of par value, and say it’s perfectly good, and another one will come out and say it’s
only worth 80% of par because they think it’s riskier. So, it’s kind of a fascinating disconnect
there. And that’s why I really like the realized gains or losses over time. Unfortunately,
most BDCs are relatively new, so there’s not a lot of history. A lot of them have only
been investing while the market’s going up. But for the ones that have been there through
full market cycles, say, Aries Capital, for instance, they’re excellent. They’ve had an
excellent history of realizing gains in excess of their losses, which preserves book value
over time. Lapera: That’s awesome, and that was a really
good explanation of that. We were talking earlier about this, and you said one of the
things you like to look at is the portfolio composition. Wathen: Right. BDCs, in general, are making
loans. I’d say the typical BDC probably has 90% of its book invested in loans to companies.
But the other 10% is typically equity investments in companies. And that debt-to-equity split
can be especially interesting and important because, obviously, nothing changes with public
vs private. Debt is still generally safer than equity, right? Lapera: Right. So, what we were talking about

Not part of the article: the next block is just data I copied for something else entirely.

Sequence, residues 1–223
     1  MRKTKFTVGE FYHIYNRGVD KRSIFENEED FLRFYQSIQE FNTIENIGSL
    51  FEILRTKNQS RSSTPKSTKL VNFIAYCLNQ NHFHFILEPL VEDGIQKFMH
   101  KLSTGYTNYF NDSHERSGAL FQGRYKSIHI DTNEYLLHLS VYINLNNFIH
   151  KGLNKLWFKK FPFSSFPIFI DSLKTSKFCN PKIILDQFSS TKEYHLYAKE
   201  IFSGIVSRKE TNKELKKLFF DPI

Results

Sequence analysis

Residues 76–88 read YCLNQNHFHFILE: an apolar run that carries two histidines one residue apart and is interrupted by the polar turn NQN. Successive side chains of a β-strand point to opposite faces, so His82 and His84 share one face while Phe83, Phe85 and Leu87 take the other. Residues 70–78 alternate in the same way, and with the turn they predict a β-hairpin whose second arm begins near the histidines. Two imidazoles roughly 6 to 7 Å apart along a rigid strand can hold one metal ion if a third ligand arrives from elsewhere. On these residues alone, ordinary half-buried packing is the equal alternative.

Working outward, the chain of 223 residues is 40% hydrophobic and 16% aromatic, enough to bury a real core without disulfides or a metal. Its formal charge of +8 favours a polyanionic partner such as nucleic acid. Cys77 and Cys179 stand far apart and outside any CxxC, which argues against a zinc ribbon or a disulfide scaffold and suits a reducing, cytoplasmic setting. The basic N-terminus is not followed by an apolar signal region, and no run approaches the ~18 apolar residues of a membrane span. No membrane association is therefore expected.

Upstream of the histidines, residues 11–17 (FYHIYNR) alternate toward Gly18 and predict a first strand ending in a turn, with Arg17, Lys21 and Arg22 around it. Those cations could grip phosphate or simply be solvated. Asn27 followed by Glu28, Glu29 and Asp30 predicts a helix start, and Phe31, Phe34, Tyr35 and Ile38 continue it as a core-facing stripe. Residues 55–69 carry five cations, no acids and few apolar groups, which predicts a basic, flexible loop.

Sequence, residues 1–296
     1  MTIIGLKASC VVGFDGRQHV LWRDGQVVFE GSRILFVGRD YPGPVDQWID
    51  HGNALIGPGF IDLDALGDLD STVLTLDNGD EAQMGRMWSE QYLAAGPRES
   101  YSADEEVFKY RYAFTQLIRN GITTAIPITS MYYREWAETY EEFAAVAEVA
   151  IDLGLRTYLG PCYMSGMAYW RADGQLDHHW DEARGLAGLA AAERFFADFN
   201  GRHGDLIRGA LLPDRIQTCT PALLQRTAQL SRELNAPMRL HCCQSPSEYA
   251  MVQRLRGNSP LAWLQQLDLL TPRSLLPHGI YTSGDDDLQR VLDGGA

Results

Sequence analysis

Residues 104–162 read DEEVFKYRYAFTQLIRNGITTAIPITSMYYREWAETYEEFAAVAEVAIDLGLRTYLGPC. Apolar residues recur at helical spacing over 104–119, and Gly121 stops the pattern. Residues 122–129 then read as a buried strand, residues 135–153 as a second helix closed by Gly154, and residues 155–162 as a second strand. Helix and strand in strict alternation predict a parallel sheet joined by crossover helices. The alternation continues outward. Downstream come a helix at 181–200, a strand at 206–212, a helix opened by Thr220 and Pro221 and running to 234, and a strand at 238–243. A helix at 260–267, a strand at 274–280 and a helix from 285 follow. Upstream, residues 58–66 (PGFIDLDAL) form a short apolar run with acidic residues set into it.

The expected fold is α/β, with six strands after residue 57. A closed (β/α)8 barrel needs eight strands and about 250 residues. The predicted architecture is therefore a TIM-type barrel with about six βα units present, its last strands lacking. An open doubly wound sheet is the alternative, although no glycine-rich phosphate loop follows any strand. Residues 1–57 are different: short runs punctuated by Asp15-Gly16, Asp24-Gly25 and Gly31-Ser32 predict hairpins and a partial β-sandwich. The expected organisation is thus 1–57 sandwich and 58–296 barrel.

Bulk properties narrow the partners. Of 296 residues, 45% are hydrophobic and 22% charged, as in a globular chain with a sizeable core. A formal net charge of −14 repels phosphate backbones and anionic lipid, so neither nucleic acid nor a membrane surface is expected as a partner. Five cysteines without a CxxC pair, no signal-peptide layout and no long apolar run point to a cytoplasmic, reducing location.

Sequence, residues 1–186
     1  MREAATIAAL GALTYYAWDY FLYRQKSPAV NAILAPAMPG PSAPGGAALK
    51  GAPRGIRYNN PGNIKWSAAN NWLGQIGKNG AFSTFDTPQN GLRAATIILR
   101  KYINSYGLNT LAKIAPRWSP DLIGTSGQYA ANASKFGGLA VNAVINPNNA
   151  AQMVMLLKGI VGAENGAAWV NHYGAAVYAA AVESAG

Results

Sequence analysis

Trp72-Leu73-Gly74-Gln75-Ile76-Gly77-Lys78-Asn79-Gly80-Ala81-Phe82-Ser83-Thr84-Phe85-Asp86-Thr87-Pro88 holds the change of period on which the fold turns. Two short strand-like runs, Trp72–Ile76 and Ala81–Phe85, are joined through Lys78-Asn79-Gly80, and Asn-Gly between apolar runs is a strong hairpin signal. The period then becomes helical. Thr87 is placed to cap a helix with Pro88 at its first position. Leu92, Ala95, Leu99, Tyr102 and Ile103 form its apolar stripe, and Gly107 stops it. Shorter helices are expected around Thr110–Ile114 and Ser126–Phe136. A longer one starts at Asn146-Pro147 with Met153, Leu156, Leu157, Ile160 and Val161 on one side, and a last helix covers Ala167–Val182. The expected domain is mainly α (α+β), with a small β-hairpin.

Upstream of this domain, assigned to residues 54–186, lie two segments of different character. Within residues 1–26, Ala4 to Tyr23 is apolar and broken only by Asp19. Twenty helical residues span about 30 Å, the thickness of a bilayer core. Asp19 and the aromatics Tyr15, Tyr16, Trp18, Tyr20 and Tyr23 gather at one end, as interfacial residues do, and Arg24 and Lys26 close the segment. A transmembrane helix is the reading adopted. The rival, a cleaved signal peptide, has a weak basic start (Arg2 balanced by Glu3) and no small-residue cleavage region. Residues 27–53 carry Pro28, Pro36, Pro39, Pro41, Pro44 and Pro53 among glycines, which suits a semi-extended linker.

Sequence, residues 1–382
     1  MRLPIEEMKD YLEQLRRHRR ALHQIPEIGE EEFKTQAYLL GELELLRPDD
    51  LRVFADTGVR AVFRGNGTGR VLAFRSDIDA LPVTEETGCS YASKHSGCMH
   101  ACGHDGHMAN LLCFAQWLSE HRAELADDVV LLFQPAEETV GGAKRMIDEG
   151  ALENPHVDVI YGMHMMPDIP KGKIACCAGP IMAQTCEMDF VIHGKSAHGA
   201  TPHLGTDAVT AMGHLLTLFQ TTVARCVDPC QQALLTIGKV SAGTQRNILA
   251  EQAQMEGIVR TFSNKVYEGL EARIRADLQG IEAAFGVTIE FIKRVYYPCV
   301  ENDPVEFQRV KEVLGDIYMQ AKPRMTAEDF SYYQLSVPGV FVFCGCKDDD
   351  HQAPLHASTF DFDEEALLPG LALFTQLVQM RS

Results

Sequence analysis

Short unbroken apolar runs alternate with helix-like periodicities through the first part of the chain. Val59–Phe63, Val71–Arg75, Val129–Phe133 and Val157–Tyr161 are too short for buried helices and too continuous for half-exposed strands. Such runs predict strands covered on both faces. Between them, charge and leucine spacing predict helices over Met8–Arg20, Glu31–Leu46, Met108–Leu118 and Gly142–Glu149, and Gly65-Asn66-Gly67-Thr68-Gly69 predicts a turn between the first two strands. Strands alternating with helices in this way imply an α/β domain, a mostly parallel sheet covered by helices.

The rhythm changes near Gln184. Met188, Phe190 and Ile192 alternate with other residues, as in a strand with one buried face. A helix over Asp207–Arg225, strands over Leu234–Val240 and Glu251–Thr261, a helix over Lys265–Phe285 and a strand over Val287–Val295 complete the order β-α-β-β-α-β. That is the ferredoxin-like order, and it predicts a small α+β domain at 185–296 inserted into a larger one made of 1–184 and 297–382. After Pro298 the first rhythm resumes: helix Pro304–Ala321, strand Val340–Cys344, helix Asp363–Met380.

earlier about understanding about how the general market is doing, to understand how
their stock portfolios along with their loans, are going to do, because if a BDC has a huge
stake in a gold company, for example — don’t know why they would, but maybe they do — if
gold in general is going down, then that BDC is probably in a lot of trouble, right? Wathen: Right, especially if it’s an equity
stake. One of the ways, when we’re talking about level 3 and how they value these companies,
one of the best ways is to compare it to a publicly-traded company. So, when stocks are
down, generally, you would hope that a BDC would mark its equity portfolio down, because
those companies simply aren’t worth as much as they might have been before. Lapera: So, that’s something to watch out
for. Since BDC accounting is a lot less transparent and a lot trickier, if the whole market is
down yet the BDC’s portfolio is still up, it’s one of those things where you have to
ask yourself, “Are they being 100% honest with themselves about what’s going on with
their portfolio?” Wathen: Right. That’s one of those things.
It’s really hard, as an outsider, when you’re looking into the portfolio, because they obviously
know way more than you, but you also know that they have an incentive to tell you that
things are a little better than they might be. And it’s not always bad. Markets go up
and down. Whether stocks are worth 8% less right now than they were at the start of the
year, I mean, who knows? That’s something that plays out over time. Lapera: Right. So, one of the big things to
look at, because for any company, you have to look at the management, but especially
for BDCs, you have to trust the management, since they are making these decisions behind